tube stock planting
Typically tube stock plantings are the most expensive followed by direct seeding and natural regeneration respectively. Seek expert local advice when deciding which method of revegetation to undertake.
Prior to direct seeding or tube stock planting the ground is often prepared by ripping along contour lines to create disturbance in the soil and a place for the seeds or seedlings to grow. Read about how this was done at Illawong. Tree guards are often used when planting tube stock to offer protection from grazing and the elements whilst the plant matures.
Natural regeneration is more likely to occur in areas which have been recently excluded from heavy livestock grazing and where mature plants are present in the landscape.
Thinking for the future
Revegetation is a process that requires time, patience and a forward-thinking mindset. Though its benefits may not be observed for many years, current generations must adopt this mindset and act to rectify the land clearing of the past.
Our five favourite books on regen ag- and how you can win them all!
Want to read up on regenerative agriculture? In recent years, so many excellent books by both Australian and international experts have been published across a broad range of topics. We have assembled our five favourites in a book pack as a prize for members of the Soils For Life community who fill out our communications and engagement survey.
This prize worth almost $150 and you can go into the draw to win this book by filling out the survey here. You’ll also help us on our mission to support Australian farmers on their journey towards regenerative agriculture.
Here are our five favourite books about regenerative agriculture
1. Call of the Reed Warbler, Charles Massey
Call of the Reed Warbler is considered a ‘must read’ for anyone interested in the way forward for improved landscape management. Charles Massey uses his own experience transitioning from conventional farming practices to an innovative and regenerative farming approach, highlighting the power regen ag has in building healthy soil, people and communities. Call of the Reed Warbler is a powerful story of transformative change in agriculture which improves our landscapes and our society.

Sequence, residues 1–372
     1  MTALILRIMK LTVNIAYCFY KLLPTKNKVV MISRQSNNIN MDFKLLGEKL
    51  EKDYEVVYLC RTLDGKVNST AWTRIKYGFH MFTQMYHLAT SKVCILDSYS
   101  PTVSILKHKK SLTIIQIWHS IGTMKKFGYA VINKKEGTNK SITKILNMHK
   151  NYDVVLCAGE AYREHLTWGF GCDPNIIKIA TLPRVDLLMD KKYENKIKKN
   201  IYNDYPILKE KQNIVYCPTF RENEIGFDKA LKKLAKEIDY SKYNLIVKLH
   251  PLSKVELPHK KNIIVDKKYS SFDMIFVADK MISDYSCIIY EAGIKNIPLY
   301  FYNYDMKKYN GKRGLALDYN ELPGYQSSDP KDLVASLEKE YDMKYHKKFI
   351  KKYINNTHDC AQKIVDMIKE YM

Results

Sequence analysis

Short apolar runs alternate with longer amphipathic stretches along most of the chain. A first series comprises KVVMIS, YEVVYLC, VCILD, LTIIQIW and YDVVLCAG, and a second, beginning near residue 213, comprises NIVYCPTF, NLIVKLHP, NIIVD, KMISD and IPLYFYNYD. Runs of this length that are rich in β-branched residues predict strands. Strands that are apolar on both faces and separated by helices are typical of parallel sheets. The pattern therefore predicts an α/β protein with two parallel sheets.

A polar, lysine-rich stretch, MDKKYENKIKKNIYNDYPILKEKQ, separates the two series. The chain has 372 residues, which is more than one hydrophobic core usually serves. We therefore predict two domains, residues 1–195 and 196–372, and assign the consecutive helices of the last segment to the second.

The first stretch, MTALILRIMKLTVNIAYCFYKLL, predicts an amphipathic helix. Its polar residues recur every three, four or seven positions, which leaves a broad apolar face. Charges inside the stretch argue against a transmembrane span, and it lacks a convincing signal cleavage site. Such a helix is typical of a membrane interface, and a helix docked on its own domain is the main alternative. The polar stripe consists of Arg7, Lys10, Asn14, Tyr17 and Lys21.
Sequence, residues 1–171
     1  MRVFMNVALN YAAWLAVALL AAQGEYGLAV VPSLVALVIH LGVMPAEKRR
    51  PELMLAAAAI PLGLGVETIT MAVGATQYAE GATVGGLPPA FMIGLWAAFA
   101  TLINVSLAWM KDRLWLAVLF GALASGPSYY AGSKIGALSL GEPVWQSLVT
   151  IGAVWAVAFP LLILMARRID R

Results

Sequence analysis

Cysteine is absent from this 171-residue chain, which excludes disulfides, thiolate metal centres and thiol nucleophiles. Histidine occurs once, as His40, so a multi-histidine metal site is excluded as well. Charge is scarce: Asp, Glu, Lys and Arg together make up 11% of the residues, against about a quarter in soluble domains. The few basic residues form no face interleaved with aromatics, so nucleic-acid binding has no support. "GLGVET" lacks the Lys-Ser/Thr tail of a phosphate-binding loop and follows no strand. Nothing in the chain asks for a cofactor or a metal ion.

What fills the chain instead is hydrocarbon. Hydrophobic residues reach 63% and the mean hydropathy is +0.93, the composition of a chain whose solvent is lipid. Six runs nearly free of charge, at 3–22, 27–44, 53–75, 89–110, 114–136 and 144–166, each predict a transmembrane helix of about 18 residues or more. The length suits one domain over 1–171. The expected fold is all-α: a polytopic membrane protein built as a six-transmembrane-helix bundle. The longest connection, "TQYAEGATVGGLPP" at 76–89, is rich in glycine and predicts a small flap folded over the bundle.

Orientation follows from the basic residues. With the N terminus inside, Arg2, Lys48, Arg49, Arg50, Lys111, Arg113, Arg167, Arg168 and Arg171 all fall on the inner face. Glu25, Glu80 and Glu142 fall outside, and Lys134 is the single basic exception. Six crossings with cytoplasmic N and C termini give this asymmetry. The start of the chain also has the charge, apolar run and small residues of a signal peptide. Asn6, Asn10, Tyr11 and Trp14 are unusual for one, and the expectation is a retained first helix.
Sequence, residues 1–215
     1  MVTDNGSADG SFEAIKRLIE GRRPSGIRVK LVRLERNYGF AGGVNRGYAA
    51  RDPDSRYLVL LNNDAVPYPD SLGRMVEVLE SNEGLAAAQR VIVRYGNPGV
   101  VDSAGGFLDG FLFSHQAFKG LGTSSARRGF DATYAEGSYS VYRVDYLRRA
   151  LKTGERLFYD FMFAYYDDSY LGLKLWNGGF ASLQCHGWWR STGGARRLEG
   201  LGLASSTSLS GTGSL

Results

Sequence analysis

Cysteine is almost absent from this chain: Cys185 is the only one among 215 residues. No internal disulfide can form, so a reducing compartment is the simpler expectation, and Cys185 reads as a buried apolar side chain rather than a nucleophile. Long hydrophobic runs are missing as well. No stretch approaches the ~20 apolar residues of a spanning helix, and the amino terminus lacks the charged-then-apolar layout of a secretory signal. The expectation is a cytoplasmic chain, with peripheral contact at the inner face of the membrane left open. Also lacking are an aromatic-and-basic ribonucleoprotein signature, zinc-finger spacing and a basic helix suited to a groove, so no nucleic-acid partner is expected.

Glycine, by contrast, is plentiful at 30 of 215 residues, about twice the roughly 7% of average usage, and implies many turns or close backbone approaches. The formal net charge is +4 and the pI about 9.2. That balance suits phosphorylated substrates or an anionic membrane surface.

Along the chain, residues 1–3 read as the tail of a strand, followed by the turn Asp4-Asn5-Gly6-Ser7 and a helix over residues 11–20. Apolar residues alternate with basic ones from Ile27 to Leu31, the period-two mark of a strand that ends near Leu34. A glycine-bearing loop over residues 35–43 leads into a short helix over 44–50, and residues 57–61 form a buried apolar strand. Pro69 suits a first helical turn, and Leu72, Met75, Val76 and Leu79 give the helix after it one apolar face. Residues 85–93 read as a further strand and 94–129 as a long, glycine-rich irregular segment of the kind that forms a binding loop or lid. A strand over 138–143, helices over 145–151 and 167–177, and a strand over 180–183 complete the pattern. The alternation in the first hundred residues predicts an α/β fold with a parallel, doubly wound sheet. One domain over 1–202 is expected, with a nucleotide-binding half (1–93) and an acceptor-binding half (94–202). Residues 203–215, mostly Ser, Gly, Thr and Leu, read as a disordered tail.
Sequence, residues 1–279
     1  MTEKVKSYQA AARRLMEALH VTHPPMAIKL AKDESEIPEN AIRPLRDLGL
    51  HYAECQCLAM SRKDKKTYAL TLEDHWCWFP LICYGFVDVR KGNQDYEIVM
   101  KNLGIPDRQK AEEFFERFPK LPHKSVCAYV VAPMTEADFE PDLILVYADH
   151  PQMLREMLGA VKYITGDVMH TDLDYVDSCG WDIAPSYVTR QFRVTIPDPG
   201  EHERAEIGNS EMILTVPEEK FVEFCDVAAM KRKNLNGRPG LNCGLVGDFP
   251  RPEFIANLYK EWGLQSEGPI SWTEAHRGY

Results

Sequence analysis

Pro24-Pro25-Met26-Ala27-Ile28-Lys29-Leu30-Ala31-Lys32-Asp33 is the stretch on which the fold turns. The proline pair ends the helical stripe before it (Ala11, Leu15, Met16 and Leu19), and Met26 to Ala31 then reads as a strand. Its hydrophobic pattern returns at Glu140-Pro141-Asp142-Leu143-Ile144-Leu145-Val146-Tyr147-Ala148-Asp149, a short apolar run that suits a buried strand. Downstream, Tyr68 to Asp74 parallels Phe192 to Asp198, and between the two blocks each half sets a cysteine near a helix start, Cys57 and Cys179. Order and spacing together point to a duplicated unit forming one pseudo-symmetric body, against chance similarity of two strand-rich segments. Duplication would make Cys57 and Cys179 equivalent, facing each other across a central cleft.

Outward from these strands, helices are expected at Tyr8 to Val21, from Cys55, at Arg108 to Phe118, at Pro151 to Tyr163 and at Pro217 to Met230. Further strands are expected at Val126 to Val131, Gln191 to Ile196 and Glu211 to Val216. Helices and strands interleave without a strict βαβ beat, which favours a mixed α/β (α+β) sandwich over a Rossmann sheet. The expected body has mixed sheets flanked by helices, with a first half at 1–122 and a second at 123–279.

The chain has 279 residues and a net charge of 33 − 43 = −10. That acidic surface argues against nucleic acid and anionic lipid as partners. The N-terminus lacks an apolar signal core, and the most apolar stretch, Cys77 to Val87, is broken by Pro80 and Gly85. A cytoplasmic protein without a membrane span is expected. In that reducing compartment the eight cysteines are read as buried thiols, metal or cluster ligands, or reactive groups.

2. Dirt to Soil, Gabe Brown
Gabe Brown is a rancher from North Dakota who shifted to regenerative agriculture after a series of ruined crops and financial struggles. Through twenty years of innovation with a focus on improving soil biology, Brown was able to turn his degraded landscape into a healthy and profitable ecosystem. In Dirt to Soil, Brown recognises that the biggest challenge to implementing regenerative practices is a change in mindset.
“In this dangerous time, Gabe Brown’s book comes as a breath of fresh air, showing by example what any farmer who cares enough about the future can do by following sound ecological principles and using common sense and imagination.”-Allan Savory, President of the Savory Institute
3. For the Love of Soil, Nicole Masters
Nicole Masters is a renowned agroecologist and communicates her technical knowledge and comprehensive experiences in For the Love of Soil. Through case studies in Australasia and North America, Masters explores important principles and tools to help land managers shift their thinking and practices. Despite human and ecological challenges, Masters’ offers inspiration and hope for degraded landscapes by showcasing the power of mimicking natural systems and prioritising soil.
4. Dark Emu, Bruce Pascoe
Dark Emu examines the unjust labelling of Aboriginal and Torres Strait Islander peoples as hunter gatherers, and instead provides compelling evidence of pre-colonial agricultural and land management systems. Pascoe is an influential indigenous historian and argues that Aboriginal people had sophisticated food production systems through sowing, harvesting, irrigating and storing food. Pascoe’s Dark Emu is important in Australia’s regenerative agriculture literature as it demonstrates sustainable food production relationships throughout the whole history of this ancient land and holds valuable insights from times before European settlement.
5. Thinking in systems, Donella H. Meadows
In an increasingly complex world, Thinking in Systems is an insightful introduction into a systems approach. Meadows highlights that problems, whether personal or global, cannot be fixed in isolation because they exist in systems. Some of the world’s biggest challenges like war, poverty and landscape degradation are systemic failures, and through her writing Meadows provides conceptual tools and methods of system-thinking to provide positive and effective solutions. These tangible system-thinking skills are invaluable and critical when facing the complex issues involved in shifting to regenerative agriculture.
Wanting to get your hands on these amazing reads? Don’t forget to fill out the Soils For Life Survey! It takes less than five minutes of time, and your input will help us improve our support for Australian farmers on their journey towards regenerative agriculture.